On the other hand, to my mind, there is a major gap emerging in reporting about the situation in countries with high vaccination levels. Surely continued prevalence of the virus (perhaps even increases) is to be expected precisely because the vaccines don't stop illness necessarily but merely reduce its severity and mortality. If life is going back to normal because of high levels of vaccination that means normal behaviors are returning that are riskier from the perspective of catching the virus but less risky from the perspective of causing severe illness and dying. Surely that is a good result and probably the best we can hope for. I would actually expect the trajectory to be increased contagion but reduced illness and death. Yet I haven't seen any reports to that effect about countries with high vaccine coverage; all I see are reports saying that infections are going up and that this is evidence the vaccines don't work and/or evidence that lockdowns should be reinstated. Surely a country eventually reaches a point where the number of new infections (up or down) is irrelevant and what matters instead is the number or percentage of new infections that result in serious illness and death. That is only effectiveness data about any given vaccine that interests me. Reporting that only focuses on absolute numbers of new infections in highly vaccinated populations (and people who use that data to argue for more lockdowns or delayed reopenings) seems to miss the point.
 
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antipodean

Registered
From good news to bad (given that any of us here are quite likely to get Sinopharm when our turn comes): https://www.theage.com.au/world/asia/sinopharm-s-vaccine-reputation-darkened-by-covid-spikes-in-bahrain-uae-20210604-p57y29.html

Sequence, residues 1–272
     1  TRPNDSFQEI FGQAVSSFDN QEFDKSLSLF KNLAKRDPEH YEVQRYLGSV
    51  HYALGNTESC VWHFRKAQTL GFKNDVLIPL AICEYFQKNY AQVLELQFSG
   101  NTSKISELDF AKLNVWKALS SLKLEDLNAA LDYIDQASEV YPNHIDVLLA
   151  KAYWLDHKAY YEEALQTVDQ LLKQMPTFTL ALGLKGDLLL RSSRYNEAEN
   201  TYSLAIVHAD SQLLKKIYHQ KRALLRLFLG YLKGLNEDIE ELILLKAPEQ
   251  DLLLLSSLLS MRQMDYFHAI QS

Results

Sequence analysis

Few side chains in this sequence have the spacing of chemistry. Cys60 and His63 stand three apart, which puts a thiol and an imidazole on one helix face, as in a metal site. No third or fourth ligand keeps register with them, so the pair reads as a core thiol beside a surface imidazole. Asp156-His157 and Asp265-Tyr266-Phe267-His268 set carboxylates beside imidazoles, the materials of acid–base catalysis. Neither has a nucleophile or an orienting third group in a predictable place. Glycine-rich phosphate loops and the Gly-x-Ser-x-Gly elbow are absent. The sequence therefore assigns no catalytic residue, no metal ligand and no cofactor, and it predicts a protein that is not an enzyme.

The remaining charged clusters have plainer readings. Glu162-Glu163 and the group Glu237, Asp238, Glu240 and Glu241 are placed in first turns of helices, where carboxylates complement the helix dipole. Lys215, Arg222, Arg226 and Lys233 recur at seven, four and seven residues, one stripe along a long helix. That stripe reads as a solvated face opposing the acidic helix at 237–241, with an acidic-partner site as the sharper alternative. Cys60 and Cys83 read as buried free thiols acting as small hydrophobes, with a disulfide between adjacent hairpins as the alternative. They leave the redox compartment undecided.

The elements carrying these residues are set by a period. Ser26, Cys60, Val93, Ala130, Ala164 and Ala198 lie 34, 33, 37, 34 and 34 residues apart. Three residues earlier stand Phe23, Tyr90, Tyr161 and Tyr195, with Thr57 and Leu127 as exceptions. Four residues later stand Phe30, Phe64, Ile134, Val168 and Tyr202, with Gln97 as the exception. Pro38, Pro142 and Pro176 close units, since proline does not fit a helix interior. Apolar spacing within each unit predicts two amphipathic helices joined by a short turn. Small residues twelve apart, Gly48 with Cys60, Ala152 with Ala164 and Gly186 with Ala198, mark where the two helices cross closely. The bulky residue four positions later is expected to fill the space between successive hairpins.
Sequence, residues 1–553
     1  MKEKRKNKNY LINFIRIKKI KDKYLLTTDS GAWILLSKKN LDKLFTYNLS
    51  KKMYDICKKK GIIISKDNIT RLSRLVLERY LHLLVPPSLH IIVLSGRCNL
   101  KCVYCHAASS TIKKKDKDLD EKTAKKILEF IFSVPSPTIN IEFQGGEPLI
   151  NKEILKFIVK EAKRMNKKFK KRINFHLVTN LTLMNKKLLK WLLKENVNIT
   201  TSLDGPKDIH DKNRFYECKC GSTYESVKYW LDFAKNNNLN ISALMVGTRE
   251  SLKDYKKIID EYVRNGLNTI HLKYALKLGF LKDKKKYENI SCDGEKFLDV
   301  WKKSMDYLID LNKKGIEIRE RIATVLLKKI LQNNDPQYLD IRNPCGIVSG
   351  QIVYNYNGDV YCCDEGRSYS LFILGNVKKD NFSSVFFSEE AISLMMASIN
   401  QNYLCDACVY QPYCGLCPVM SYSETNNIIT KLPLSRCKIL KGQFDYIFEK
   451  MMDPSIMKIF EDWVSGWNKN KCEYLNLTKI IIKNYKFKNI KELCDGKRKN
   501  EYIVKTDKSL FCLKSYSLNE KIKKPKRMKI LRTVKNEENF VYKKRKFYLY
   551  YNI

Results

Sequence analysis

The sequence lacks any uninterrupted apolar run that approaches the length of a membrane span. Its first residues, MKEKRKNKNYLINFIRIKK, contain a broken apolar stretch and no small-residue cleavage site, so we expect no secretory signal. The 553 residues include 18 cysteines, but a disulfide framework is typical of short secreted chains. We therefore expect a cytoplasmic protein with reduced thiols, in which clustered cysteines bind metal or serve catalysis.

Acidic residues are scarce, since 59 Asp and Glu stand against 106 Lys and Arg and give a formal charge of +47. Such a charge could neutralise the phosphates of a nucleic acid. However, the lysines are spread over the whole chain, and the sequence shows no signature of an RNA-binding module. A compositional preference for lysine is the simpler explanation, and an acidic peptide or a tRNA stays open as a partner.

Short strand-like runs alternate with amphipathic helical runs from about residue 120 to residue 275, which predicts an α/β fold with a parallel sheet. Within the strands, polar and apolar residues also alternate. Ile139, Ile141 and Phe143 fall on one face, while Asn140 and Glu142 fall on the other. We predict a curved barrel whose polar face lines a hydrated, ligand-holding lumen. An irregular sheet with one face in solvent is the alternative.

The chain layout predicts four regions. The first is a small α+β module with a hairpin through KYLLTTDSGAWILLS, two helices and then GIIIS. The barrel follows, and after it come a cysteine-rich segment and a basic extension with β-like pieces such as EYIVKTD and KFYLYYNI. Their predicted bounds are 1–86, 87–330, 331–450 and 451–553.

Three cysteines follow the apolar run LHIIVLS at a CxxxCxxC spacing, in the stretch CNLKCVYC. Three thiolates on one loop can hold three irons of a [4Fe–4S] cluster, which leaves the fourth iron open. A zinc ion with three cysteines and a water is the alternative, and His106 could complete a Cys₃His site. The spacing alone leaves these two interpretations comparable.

On the other hand, to my mind, there is a major gap emerging in reporting about the situation in countries with high vaccination levels. Surely continued prevalence of the virus (perhaps even increases) is to be expected precisely because the vaccines don't stop illness necessarily but merely reduce its severity and mortality. If life is going back to normal because of high levels of vaccination that means normal behaviors are returning that are riskier from the perspective of catching the virus but less risky from the perspective of causing severe illness and dying. Surely that is a good result and probably the best we can hope for. I would actually expect the trajectory to be increased contagion but reduced illness and death. Yet I haven't seen any reports to that effect about countries with high vaccine coverage; all I see are reports saying that infections are going up and that this is evidence the vaccines don't work and/or evidence that lockdowns should be reinstated. Surely a country eventually reaches a point where the number of new infections (up or down) is irrelevant and what matters instead is the number or percentage of new infections that result in serious illness and death. That is only effectiveness data about any given vaccine that interests me. Reporting that only focuses on absolute numbers of new infections in highly vaccinated populations (and people who use that data to argue for more lockdowns or delayed reopenings) seems to miss the point.
Anecdotally and by coincidence this morning I was talking to friends here. Their family has all be vaccinated, parents one with Sputnik (1 dose), other with Sinopharm (2 doses). Other person with Pfizer (2 doses). All received last dose at least 6 weeks ago. They all had private lab antibody tests done and were surprised that the person with Sinopharm had less than half the antibodies of either person with Sputnik or Pfizer, who both were found to have “high” levels of antibodies. That would suggest that out of these people the one with the Sinopharm would have the highest risk of getting infected, infecting others or getting seriously ill from the virus.

It’s still early days for any vaccine or vaccine program so best to be open minded about how data will evolve with time. For example, now some studies are even suggesting it’s actually beneficial to mix and match vaccines instead of getting two doses of the same in order to get higher levels of immunity. Other studies give a magic number of 75% of a population fully vaccinated to be able to overcome the pandemic and not need to worry too much about subsequent hospitalizations and deaths in both the vaccinated and unvaccinated population.

Also countries like Israel that are down to double digit daily cases or a 7 day average deaths of 1 are interesting to watch at this moment as since May Israelis have been traveling quite freely. Presumably this means they are coming into contact with various strains in Europe and elsewhere then returning home to a country where 40% of the population are still unvaccinated.